The Harbourside Refuge in Portleven


Dornoch Beach, Sutherland

Some of Scotland’s many sandy beaches get all the press, while equally gorgeous ones like Dornoch – which would be flooded with visitors if it was located on England’s south coast – get all but overlooked. Those who do venture here are treated to a clean bathing beach that is within walking distance of the excellent Mara fine-dining restaurant, set within the five-star Links House Hotel (doubles from £374 per night; linkshousedornoch.com), which serves up the best of land and sea with minimal interference.

Torquay, Devon

Torquay has long been associated with good food, but the Elephant (elephantrestaurant.co.uk), overlooking the harbour, is the only Michelin-starred restaurant in the town and has held onto its star since 2005. Chef Simon Hulstone makes the most of the produce he can find locally to create succulent dishes and the best part is that the prices are very far from what you would expect, with the set lunch costing just £25.50 for two courses and £29.50 for three. Stay at Osborne Hotel, with rooms from £66 per night (osborne-torquay.co.uk).

Family favourites

Lulworth Cove, Dorset

A perennial seaside favourite for families, Lulworth on Dorset’s Jurassic Coast is filled with tiny palaeontologists from spring through summer – but whether you are searching for fossils or eating ice cream on the beach, there’s rarely a dull moment. For a chocolate-box-style stay, try the Castle Inn (family rooms from £214; castleinn-lulworth.co.uk), a 16th-century thatched family-friendly inn that houses 12 rooms and has a pleasingly cosy bar and restaurant downstairs.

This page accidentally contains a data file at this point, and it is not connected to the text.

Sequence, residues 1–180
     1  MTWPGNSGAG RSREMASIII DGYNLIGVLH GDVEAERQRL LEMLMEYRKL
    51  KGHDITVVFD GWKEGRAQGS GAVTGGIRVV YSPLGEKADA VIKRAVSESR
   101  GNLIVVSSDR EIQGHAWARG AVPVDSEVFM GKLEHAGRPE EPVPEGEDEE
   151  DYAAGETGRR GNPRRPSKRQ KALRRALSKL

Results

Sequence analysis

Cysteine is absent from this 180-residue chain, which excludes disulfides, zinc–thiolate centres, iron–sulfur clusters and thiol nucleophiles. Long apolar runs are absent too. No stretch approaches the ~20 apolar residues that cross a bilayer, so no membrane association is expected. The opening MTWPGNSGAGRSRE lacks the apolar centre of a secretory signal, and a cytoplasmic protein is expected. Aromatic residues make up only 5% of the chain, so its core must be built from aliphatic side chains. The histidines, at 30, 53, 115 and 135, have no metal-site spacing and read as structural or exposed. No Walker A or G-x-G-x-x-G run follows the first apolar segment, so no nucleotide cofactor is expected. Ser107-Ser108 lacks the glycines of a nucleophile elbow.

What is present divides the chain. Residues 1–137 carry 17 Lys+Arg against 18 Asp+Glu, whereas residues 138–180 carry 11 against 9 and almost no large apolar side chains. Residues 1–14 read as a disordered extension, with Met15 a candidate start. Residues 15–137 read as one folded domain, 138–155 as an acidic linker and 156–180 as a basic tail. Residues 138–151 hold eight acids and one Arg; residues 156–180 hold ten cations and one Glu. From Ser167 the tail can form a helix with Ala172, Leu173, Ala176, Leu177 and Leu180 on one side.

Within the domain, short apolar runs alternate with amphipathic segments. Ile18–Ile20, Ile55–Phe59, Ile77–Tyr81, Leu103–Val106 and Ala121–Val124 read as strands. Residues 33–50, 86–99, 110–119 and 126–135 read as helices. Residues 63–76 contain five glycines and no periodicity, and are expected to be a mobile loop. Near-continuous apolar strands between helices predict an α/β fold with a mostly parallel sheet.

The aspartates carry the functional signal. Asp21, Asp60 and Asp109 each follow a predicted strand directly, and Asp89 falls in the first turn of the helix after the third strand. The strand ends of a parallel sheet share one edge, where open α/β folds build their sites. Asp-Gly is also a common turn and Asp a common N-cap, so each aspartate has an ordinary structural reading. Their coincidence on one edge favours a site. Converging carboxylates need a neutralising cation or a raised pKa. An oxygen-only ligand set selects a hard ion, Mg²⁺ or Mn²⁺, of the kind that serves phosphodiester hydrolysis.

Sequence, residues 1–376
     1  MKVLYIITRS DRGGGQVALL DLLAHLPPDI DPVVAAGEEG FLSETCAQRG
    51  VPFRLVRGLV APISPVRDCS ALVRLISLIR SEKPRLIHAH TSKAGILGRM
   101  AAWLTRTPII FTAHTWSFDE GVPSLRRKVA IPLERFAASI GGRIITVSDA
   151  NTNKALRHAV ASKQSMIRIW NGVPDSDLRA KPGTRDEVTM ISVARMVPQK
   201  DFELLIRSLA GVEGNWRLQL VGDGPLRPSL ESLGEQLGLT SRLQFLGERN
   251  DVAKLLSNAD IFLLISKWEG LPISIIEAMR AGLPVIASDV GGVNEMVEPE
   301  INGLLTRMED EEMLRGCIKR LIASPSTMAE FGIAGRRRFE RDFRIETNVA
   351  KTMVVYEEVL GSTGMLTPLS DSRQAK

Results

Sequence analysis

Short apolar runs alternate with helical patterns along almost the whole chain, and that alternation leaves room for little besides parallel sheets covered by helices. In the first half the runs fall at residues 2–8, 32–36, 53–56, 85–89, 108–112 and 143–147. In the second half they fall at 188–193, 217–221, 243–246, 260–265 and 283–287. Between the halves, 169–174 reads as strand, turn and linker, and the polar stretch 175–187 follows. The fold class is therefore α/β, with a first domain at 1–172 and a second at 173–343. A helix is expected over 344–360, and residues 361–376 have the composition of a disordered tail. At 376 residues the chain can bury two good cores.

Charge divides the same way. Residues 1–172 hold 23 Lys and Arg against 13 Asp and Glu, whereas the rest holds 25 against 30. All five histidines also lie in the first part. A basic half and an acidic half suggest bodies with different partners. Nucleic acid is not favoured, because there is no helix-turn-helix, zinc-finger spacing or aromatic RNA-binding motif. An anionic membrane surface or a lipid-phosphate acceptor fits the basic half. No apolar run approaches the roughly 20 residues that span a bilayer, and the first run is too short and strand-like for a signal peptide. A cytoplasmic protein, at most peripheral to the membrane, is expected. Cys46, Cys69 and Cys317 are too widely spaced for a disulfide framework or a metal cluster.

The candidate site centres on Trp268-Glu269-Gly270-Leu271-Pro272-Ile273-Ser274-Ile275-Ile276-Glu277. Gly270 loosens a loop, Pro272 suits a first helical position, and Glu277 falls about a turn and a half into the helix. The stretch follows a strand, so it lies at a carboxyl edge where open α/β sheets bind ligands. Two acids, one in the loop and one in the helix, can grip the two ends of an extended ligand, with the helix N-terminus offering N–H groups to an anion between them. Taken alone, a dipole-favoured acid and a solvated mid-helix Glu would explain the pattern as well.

Lulworth Cove, Dorset

Credit: Hayley Benoit

Hastings, East Sussex

With a (relatively) new pier, deck chairs, safe swimming and lots of cafés and kiosks to keep hungry children happy, Hastings is well suited to family days at the beach. Much of the beach is pebbly, but when the tide goes out some sand is revealed and there are amusements and funfair rides around Pelham Place, though a little less noise and more history can be found in and around the Old Town if you can drag little ones away from the seafront. Stay at the Old Rectory, which offers doubles from £130 per night (theoldrectoryhastings.co.uk).

Hastings, East Sussex

Credit: Hayley Benoit

Staffin Bay, Isle of Skye

England’s south coast wasn’t the only place where dinosaurs once roamed, as a visit to Scotland’s Inner Hebrides will show. Dinosaur footprints can be seen at low tide (if you know where to look) on this small beach on the Trotternish peninsula, one of the most picturesque parts of Skye. Before you visit, stop at the small but very good Staffin Dinosaur Museum (open 10am-5pm daily April to Oct; staffindinosaurmuseum.com). Stay at the Cottage Stein, with rooms from £105 per night (thecottagestein.co.uk).

Watcombe Bay, Isle of Wight

There are more obvious beaches for families to visit on the Isle of Wight, but this one gets our vote as it is only accessible on foot (when the tide is out) or by swimming or kayak, making it appealing for families who want their own space. There are hot-tub-like rockpools to enjoy and some great family-friendly places to stay at Tom’s Eco Lodges on nearby Tapnell Farm, which has safari tents and “modulogs” (camping pods) built into the hillside that sleep up to six – ideal for families – and come with board games and other fun extras (from £368 for two nights; tapnellfarm.com).